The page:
As LA County Fire transitioned into its first two standard model 412s, we suffered from a series of issues with the Sperry automatic flight control system (AFCS). Sperry had been brought out, teeth had been ground, swear words had been used, but the answer to why the aircraft would occasionally get uncommanded tail rotor inputs was only partially understood. We were working through this problem. Unfortunately, the occurrence was rare enough that diagnosing the problem was very difficult.
One fine day I was dispatched to an accident on the 605 freeway when I pulled to a high hover to turn 180 degrees and depart the scene. The helicopter went into a soft side to side motion for about five seconds, which subsided by itself. About 10 seconds later it did the same thing again a little harder, so I parked. Long story short, this resulted in shutting down all but one lane for two hours. Lots of people going by, rolling down their windows and proclaiming what wonderful sunny beaches we enjoy in Southern California made it less than entertaining. A maintenance team came out and after an extensive examination of the aircraft, it was cleared to return to base. A week or so later FAA informed us that the crew had released the aircraft without the appropriate Maintenance Manual.
A couple of years later, I was flying one of our two standard Bell 412s FDH (fat dumb and happy) at 1,000 feet AGL, going 120 knots, when the aircraft had a significant yaw excursion to the left followed by the nose rapidly swinging to the right. The immediate corrective action was to disengage Helipilot #1, which controls the yaw axis. “Disengaging” is a polite way of saying I hit the switch with about eight times more force than necessary. The yaw quit and flight returned to normal. Shortly thereafter, dispatch called and directed us to a hoist rescue about two miles away. The paramedic up front, Bill Monahan, acknowledged the call and we were on scene almost immediately. The crew and I examined the situation and determined that a hoist was absolutely the only way to get the patient out. Even with a hoist, we would still be required to descend a couple hundred feet below the rim of a narrow canyon to get the job done. So now I have Helipilot #1 off which degrades the yaw handling qualities a bit. The mission is still doable but not optimal. We will be very close to the sides of the canyon when in position, so what happens if we do get a yaw kick? Hoist rescues are desirable by the crews of LA County Fire, who consider hoists to be a good test of their proficiency, and well-accomplished hoist missions are a thing of beauty to be admired. With this background and a very competent crew on board, I knew they would be disappointed if I canceled our involvement by requesting a second crew to be dispatched to execute the mission. But the safety culture I was in and my previous teachings on this subject told me it was the appropriate action to take. Bill ordered up a second crew and we proceeded to base. Upon arriving, Bill jumped out and did a walk around on the aircraft. This was not policy – the post-flight was up to the pilot – but I was still in the pilot’s seat finishing my paperwork. Bill asked me to come to the rear of the helicopter, where he showed me oil running off the tailboom at the 42-degree gearbox location. I quickly realized that the chip plug detector was missing from the gearbox and that no oil showed in the sight window. The 42-degree gearbox was removed by maintenance and I saw the box. Metal had begun to transfer from gear surface to gear surface, and complete failure was inevitable. How did the plug come to be missing? Good question, as the mechanic had completed his daily and I had performed my preflight check that morning, so there is good reason to think the plug was in at that time. We, the crew, had washed the aircraft that morning after the inspections. Could we have loosened the plug out of its detent? Who knows. One thing I did learn was that although these plugs are dry break when static, if the plug is missing and the gearbox is running, it will force the oil out of the box.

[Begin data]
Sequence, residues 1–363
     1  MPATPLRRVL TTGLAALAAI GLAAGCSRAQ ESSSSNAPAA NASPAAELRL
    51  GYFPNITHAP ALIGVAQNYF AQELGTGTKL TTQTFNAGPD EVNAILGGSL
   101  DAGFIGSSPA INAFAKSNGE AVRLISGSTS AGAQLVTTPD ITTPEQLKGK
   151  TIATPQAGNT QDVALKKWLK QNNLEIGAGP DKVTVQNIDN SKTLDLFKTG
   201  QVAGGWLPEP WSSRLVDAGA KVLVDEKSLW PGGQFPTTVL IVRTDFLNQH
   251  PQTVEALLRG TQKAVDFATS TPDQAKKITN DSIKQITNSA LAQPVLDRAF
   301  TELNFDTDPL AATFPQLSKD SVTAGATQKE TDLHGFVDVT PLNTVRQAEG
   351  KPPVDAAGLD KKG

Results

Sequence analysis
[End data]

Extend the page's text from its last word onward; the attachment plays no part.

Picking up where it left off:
Bill Monahan didn’t need to do his post flight. He could have said “it’s not my job” or “it’s above my pay grade,” and maybe I get distracted by who knows what and don’t do a post flight and Bill, the other paramedic on board and myself leave widows and orphans. Thanks again Bill.
Related: Public Service News